Rhetoric and History in Revolutionary New England

Rhetoric and History in Revolutionary New England

by Donald Weber
     
 

The question of how religious and political languages interacted in the pulpit of the American Revolution has engaged scholars in literature, religion, intellectual history, symbolic anthropology, and American studies for over a generation. Drawing on recent work in ritual studies and the history of the sermon in colonial America, Weber enters the debate over the

Overview

The question of how religious and political languages interacted in the pulpit of the American Revolution has engaged scholars in literature, religion, intellectual history, symbolic anthropology, and American studies for over a generation. Drawing on recent work in ritual studies and the history of the sermon in colonial America, Weber enters the debate over the contexts of the mobilizing agency of revolutionary discourse through analysis of manuscript sermons, diaries, and letters of both evangelical and rationalist orators. By recreating the mental worlds of five individual ministers, this book dramatizes the rhetorical struggle of the clergy to make narrative sense out of the social and political upheaval around them and describes how patriot ministers eased their congregations through the bewildering passage from dependence to independence. In the process, it highlights the continuities in preaching modes from Awakening to Revolution as it reveals how the changing forms of ministerial discourse anticipate the eventual displacement of the evangelical clergy to the margins of social and communicative power by the end of the century.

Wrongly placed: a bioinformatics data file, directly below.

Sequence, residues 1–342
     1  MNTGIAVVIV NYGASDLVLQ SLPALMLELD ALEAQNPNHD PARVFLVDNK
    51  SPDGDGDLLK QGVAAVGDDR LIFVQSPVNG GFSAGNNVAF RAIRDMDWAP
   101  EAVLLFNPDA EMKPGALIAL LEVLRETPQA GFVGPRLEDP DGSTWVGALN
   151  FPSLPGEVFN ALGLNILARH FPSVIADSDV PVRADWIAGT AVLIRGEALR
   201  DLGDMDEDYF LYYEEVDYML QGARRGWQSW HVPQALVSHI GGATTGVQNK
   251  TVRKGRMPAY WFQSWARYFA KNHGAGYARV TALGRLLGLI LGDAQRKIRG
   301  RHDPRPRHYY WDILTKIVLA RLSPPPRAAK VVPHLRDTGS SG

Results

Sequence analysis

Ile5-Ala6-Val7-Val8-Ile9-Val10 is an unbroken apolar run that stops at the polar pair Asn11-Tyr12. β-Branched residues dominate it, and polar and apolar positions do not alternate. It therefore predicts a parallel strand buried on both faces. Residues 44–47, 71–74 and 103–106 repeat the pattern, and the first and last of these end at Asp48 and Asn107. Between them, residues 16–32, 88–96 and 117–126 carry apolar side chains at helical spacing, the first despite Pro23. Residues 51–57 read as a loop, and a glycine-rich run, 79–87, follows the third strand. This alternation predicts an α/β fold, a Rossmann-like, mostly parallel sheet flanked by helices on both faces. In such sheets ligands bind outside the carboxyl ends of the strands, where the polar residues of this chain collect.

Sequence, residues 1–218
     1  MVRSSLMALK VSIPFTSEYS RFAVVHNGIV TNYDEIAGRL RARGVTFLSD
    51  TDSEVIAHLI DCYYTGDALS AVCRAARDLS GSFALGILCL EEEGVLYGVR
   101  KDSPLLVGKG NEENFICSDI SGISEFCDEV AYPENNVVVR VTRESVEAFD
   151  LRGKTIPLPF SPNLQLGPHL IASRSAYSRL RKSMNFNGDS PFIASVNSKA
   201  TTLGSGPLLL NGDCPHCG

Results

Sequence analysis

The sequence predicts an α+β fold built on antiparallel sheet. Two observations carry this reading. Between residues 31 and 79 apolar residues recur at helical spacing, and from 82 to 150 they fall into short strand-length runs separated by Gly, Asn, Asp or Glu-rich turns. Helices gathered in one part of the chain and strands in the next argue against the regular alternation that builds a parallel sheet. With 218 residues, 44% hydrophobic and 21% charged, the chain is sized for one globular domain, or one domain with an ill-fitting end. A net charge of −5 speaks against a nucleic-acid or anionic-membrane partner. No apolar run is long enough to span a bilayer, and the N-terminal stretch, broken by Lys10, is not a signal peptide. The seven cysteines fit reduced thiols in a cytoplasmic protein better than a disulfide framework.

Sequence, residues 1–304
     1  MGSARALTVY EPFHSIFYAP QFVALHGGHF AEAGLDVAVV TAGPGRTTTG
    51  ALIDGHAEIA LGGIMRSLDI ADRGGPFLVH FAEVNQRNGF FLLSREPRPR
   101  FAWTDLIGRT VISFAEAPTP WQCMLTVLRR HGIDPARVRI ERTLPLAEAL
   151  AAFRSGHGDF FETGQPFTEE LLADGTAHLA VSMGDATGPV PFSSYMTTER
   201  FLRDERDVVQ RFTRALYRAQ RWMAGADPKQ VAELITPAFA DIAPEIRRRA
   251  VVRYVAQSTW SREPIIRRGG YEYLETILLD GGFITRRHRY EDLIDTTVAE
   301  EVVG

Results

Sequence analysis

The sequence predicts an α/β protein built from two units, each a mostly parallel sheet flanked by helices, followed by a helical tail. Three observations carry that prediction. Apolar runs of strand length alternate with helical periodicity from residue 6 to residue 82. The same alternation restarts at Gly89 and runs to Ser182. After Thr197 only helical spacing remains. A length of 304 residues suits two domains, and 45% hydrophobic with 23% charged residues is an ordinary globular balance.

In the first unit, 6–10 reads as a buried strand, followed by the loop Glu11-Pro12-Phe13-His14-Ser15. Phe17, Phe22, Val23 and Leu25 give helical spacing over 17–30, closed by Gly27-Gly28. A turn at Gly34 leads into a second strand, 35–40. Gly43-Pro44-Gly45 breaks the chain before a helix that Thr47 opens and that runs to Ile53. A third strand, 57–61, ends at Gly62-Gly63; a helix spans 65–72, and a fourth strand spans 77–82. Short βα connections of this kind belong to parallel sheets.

Product Details

ISBN-13:
9780195051049
Publisher:
Oxford University Press, USA
Publication date:
04/07/1988
Pages:
224
Product dimensions:
5.75(w) x 8.63(h) x 0.95(d)

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